Regarding the general effectiveness and time demands of hypnosis in treating phobias, it does not take a great deal of time to cure a phobia entirely and enable the patient to live a normal life. After perhaps a small handful of hypnosis sessions, the patient may find that he/she may be able to hold a spider in his/her hand, when previously the very sight of one would have been unbearable. Some have even found that their phobias have been cured entirely by hypnosis in a single session. Surprisingly, even as the techniques used to hypnotize a patient become increasingly sophisticated in nature, the basic process remains rather simple. Some find this method of treatment to be more appealing than others, because they are not actually exposed to the subject of their fear until they feel prepared to do so. In the case of systematic desensitization without the use of hypnosis, if an individual suffers from an irrational fear of dogs, it will be necessary to have him/her encounter a dog in person. Depending on the severity of the phobia, even this initial encounter may be too much for the individual to bear. However, with hypnosis, he/she is likelier to remain calm in knowing that he/she is not truly encountering a dog. Hypnosis becomes a more appealing treatment method to many once one learns that one will retain one’s lucidity and memory throughout the process. In cartoons and films, hypnosis is often presented as an intimidatingly powerful or even supernatural process wherein the patient is completely susceptible to the suggestions of the hypnotizer and may even experience amnesia. In real-world hypnosis, the patient merely becomes more suggestible; he/she is not forced to do whatever is dictated by the hypnotizer. Indeed, perhaps the use of hypnosis to treat irrational fears is not more common because many suffer from an uninformed fear of hypnosis itself.
Hypnosis is a highly valuable tool to therapists regarding treating fears and phobias in that it allows one to access the unconscious mind, which functions based on emotion, instinct, and association rather than reason and logical thinking. Hypnotherapist Terence Watts states that “It is often pointless attempting to make the change in our conscious mind, when the process resides in our subconscious. Hypnosis allows us to make beneficial changes in the very depths of that subconscious – and as such it can be a truly astounding power for good … a symptom is nothing more than the expression of an idea that has been absorbed by the subconscious but which is in conflict with conscious wishes or needs. Hypnosis and hypnotherapy enables us to find a way to override that subconscious idea or to bring it into the light and either re-evaluate its validity, or use suggestion to render it inactive.” Some hypnotherapists view phobias as little more than Stone Age survival instincts manifesting themselves in anomalous ways, and instincts are engrained into the subconscious mind so that they may not be easily altered or eliminated. Indeed, phobias are rooted in emotional reactions and learned behaviors, which by definition are antithetical to the higher functions of the brain, which are not quite so primitive as emotions. Some studies have even found that phobias may be inherited, as observed in a group of mice who demonstrated a fearful response to the scent of cherry-blossom. This conditioned response was initially created in the female mouse preceding them by two generations, after she learned to associate the smell of cherry-blossom with a fear-inducing situation. Humans, too, seem to demonstrate the capacity to inherit phobias, notably arachnophobia. If fears are so deeply embedded within the unconscious mind, then the ability to contact the unconscious should not be underestimated.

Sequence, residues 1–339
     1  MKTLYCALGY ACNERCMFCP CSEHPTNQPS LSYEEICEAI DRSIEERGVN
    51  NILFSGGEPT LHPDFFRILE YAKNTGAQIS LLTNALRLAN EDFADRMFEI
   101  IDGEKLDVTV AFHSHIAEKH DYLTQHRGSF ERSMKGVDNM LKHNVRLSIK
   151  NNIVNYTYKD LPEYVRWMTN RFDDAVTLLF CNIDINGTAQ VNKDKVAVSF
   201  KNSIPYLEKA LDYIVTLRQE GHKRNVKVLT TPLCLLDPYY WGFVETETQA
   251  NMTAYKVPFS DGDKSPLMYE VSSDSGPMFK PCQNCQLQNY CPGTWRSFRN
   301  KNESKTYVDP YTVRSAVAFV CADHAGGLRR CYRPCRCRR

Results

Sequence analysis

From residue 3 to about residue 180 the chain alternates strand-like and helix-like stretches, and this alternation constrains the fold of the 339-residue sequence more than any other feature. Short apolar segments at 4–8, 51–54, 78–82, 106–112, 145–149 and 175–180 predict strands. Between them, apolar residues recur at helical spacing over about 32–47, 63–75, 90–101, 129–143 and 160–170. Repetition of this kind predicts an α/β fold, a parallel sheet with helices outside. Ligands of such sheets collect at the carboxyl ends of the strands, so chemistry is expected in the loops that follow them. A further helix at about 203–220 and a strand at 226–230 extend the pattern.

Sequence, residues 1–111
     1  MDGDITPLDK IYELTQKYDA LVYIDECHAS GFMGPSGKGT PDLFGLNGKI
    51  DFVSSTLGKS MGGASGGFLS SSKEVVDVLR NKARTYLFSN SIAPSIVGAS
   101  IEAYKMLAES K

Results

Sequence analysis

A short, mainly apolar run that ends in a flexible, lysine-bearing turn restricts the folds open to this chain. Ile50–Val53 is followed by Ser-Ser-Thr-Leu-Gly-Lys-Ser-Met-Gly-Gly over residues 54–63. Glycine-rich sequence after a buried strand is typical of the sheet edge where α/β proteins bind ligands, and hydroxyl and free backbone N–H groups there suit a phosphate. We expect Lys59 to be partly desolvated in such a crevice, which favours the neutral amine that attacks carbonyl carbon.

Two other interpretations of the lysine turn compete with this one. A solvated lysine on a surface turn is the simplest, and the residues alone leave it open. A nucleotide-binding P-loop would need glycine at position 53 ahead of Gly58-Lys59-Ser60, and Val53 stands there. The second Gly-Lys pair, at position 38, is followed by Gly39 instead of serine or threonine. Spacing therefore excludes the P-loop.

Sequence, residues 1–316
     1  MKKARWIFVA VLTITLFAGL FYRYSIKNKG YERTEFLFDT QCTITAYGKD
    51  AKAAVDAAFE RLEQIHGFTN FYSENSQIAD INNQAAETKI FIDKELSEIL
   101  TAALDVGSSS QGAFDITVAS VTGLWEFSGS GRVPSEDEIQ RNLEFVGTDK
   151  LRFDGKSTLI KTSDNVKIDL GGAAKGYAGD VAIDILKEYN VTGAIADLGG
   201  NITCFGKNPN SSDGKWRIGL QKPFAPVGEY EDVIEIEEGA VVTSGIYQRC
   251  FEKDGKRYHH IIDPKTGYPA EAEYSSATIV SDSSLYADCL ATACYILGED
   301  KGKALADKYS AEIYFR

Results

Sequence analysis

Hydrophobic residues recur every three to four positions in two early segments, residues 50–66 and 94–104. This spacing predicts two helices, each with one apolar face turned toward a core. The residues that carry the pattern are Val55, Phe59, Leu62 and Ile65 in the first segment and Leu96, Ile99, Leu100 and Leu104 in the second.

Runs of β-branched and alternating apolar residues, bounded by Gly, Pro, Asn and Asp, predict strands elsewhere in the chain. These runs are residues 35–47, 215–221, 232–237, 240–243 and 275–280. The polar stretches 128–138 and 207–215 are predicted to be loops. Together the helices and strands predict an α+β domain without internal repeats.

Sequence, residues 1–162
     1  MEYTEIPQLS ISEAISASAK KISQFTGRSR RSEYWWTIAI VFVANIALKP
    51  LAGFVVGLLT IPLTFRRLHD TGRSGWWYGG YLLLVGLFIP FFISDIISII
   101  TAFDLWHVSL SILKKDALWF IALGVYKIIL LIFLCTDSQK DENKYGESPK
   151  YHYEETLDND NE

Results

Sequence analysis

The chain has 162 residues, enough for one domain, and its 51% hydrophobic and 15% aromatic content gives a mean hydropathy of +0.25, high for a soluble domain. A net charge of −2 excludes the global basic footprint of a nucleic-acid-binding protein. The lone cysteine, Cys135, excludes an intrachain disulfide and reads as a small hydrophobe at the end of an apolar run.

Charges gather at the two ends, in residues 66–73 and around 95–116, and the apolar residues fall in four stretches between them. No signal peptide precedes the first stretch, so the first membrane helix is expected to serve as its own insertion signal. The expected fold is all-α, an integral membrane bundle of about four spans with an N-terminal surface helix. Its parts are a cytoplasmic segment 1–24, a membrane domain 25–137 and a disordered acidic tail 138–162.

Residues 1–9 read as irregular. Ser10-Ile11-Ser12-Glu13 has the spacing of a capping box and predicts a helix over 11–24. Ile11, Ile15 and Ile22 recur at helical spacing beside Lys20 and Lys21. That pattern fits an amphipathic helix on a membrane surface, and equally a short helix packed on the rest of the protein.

Although hypnosis has not been explored to the same degree as other means of treating phobias such as systematic desensitization or flooding, it should be considered as an effective means of enhancing the effectiveness of existing treatments. Although some psychologists such as Sigmund Freud have had many of their ideas regarding the unconscious mind discredited, the fact nonetheless remains that the unconscious holds quite the sway over human behavior. It is every bit as vital to acknowledge the needs of the unconscious mind as it is those of the conscious mind. Perhaps to some, the unconscious mind holds even more significance, as it is as old as the human brain itself.